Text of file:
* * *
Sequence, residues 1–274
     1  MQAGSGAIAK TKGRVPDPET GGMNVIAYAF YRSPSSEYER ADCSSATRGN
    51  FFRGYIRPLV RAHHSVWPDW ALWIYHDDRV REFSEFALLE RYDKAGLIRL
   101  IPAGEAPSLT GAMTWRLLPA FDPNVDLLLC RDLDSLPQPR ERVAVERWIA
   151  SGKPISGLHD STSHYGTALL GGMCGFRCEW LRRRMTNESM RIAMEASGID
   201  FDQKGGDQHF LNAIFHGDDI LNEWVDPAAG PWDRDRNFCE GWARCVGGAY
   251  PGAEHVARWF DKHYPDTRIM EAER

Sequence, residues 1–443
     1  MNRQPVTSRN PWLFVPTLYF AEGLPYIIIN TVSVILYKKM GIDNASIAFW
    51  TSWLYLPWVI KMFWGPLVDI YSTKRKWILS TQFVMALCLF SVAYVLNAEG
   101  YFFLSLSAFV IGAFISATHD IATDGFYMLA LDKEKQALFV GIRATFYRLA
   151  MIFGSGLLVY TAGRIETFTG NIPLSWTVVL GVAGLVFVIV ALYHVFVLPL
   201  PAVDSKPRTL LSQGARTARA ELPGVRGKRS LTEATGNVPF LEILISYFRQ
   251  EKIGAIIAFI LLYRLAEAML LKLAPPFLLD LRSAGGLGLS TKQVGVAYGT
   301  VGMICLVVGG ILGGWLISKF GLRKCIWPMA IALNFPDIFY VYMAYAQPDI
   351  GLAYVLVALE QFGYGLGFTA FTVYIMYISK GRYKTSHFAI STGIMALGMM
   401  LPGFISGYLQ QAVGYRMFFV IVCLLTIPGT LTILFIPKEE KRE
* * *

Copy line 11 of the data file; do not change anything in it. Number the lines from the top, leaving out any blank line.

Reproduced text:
   101  YFFLSLSAFV IGAFISATHD IATDGFYMLA LDKEKQALFV GIRATFYRLA